Tribal Casino Gaming Enterprise v. W.G. Yates & Sons Constr. Co., 2016 U.S. Dist. LEXIS 86100 (W.D. NC July 1, 2016)
Tribal Casino Gaming Enterprise (the “Casino”) contracted with joint general contractors, W.G. Yates & Sons Construction Company and Rentenback Constructors Inc. (the “Contractor”) for an expansion of the Casino’s facility in Cherokee, North Carolina. Following completion, two parking decks constructed during the project partially collapsed. The Casino contended that the parking deck failures resulted from the Contractor’s faulty work.
The Casino submitted a demand for arbitration with the American Arbitration Association (“AAA”), asserting contractual, tort, and statutory claims against the Contractor. The Contractor filed a motion with the Western District of North Carolina seeking to stay the AAA arbitration. Citing the doctrine of contractual impossibility and due process concerns, the Contractor argued that the arbitration clause in the parties’ contract was unenforceable because it required that the arbitral panel issue an award within 30 days, which the Contractor contended was unreasonable under the circumstances of the complex dispute.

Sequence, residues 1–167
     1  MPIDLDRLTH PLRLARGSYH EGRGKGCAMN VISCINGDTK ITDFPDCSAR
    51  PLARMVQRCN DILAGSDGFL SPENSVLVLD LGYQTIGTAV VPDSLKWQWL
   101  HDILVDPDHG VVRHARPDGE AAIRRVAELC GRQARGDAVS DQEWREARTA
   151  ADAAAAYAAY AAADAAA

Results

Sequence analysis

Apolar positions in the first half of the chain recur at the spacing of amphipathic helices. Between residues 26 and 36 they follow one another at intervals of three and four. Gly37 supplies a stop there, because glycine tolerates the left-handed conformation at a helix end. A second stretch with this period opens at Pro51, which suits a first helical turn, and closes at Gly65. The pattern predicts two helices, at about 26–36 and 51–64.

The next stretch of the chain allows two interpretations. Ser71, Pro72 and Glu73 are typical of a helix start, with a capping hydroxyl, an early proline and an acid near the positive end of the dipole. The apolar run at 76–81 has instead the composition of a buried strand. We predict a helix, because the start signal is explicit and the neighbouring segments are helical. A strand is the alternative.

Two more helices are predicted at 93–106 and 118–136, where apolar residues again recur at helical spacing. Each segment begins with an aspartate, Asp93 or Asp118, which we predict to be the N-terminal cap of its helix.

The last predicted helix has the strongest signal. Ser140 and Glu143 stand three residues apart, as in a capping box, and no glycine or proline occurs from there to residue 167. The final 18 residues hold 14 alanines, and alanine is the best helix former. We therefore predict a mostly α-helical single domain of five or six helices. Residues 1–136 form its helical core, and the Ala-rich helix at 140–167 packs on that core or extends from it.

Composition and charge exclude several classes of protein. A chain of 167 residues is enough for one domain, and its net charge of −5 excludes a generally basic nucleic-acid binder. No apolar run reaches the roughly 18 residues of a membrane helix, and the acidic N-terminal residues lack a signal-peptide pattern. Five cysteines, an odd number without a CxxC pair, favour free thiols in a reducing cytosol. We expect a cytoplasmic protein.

The court addressed the Contractor’s argument by inspecting the language of the arbitration provision. The arbitration clause provided that all claims arising out of or relating to the contract would be resolved by binding arbitration in accordance with the Commercial Arbitration Rules of the AAA. The clause also provided that the “arbitration panel shall be required to render a decision within thirty (30) days after being notified of their selection.” Although the court agreed that issuing an award on the merits of the dispute within 30 days would be difficult, if not impossible, the court denied the motion to stay on the basis that the Contractor’s argument overlooked other pertinent language in the arbitration clause.
The parties’ arbitration clause contemplated that some claims arising out of the project might require more than 30 days to resolve. The clause provided the arbitral panel with discretion to extend the time frames for the arbitration and expressed that the panel’s refusal to postpone the hearing or to hear evidence pertinent to the controversy would be misconduct sufficient to warrant vacating an award. The Commercial Arbitration Rules of the AAA, which the contract invoked, similarly granted the panel authority to extend the date for the final hearing. Because the clause allowed the panel to extend the time frame for arbitrating the dispute where the complexity of the case required it, the agreement to arbitrate was neither contractually impossible nor in violation of the due process clause. The court therefore denied the motion to stay, and it compelled the parties to proceed with arbitration.